Film review: All Is Lost
One-man show Robert Redford is superbly cast in this daring, intense tale of survival
Film Title: ALL IS LOST
Director: J C Chandor
Starring: Robert Redford
Running Time: 106 min
Gravity may have been the best shipwreck film released this year, but JC Chandor’s follow-up to Margin Call certainly runs it close.
This is the real thing, of course. We have an actual ship on an actual ocean. Sharks circle. Readings are taken from a blazing sun. If you can banish the notion that you’re watching a New Yorker cartoon without a punchline, you should be gripped from tense beginning to exhausting end.
All Is Lost could hardly be more different to Chandor’s impressive debut. Whereas that film, a study of Wall Street’s meltdown, resounded to the clatter of panicked voices in painted halls, this daring picture – a high-concept thriller if ever there was one – puts one man in one boat for 90 minutes.
There are no flashbacks to a happier life on shore. He never makes successful radio contact. Aside from a brief, opening voiceover and a few forgivable oaths, Our Man (as he is listed on the credits) says not a word throughout the film’s nippy course. Ryan Reynolds had quite a few chats in Buried. Gravity’s great weakness was the unnecessarily abundant corny dialogue. All Is Lost is makes no such compromises.
It helps that Robert Redford plays the protagonist. He’s not quite the Old Man of the Sea: the teeth are a bit too well-tended and the wrinkles too cosmetically maintained for a believable Hemmingway hero. But our pre-existing connection to the man who died in Bolivia with Butch Cassidy and shared smoky elevators with Carl Bernstein kicks up an emotional surge that an unfamiliar actor would have more trouble generating. It’s a little like watching Santa Claus or George Bailey in peril.
All Is Lost begins with Our Man awaking to discover that a loose shipping container has poked a hole in the side of his yacht. Miles from dry land, he calmly sets to mending the gap, clearing up the mess and establishing some degree of order. Then a serious storm worsens the situation. The boat is beaten to pieces, his radio is destroyed and, after various increasing misfortunes, he takes to a life raft and attempts to find his position with a sextant. A nearby shipping route offers some hope of rescue.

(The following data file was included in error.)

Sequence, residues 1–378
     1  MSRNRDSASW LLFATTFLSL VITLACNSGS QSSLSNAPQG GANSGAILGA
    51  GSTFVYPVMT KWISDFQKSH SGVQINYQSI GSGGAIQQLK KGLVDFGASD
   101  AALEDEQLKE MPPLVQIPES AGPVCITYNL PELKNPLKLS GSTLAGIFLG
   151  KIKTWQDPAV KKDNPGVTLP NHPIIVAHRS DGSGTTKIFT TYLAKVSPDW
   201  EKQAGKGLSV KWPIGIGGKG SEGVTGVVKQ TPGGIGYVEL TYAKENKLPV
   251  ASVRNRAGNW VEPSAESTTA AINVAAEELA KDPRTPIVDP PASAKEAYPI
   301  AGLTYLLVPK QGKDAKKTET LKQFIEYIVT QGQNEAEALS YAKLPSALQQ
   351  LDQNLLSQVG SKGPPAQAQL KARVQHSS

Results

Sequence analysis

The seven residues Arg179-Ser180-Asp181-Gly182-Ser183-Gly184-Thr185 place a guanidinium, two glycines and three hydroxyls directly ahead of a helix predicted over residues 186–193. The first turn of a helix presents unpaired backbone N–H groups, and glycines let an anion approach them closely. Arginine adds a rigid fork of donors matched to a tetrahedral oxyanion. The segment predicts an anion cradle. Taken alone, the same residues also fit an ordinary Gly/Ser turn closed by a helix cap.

There are narrative difficulties in the film’s first half. Chandor is right not to have the hero stupidly explain stuff to us in muttered monologues (“Now if I just tie this rope to this plank that should shift it”) but the decision does occasionally leave us confused. Why, for instance does he pour water into the damaged electrical equipment? (My bet is that he was trying to wash out the salt. But I can’t be sure.)
When, however, the picture resolves into a simple fight for survival in a tethered dinghy, it properly discovers its own momentum. Scored to a gorgeously simple refrain by Alex Ebert, the last act follows the hero as he swings from quiet determination to exhausted despair. It’s as if all attitudes depicted in Géricault’s Raft of the Medusa are visited by one determined face. The creative risks pay off as the focus on the hero becomes ever more intense.
All Is Lost closes a year that took in more than a few impressive tales of robust bravery. As Our Man looks hopefully towards shipping vessels sailing blithely past his tiny raft, it’s hard not to imagine that, at any moment, Tom Hanks’s Captain Phillips might appear on the bridge and wave to the lonely castaway.
The organisers of the Oscars can have that skit from me for free. Both films are sure to be represented.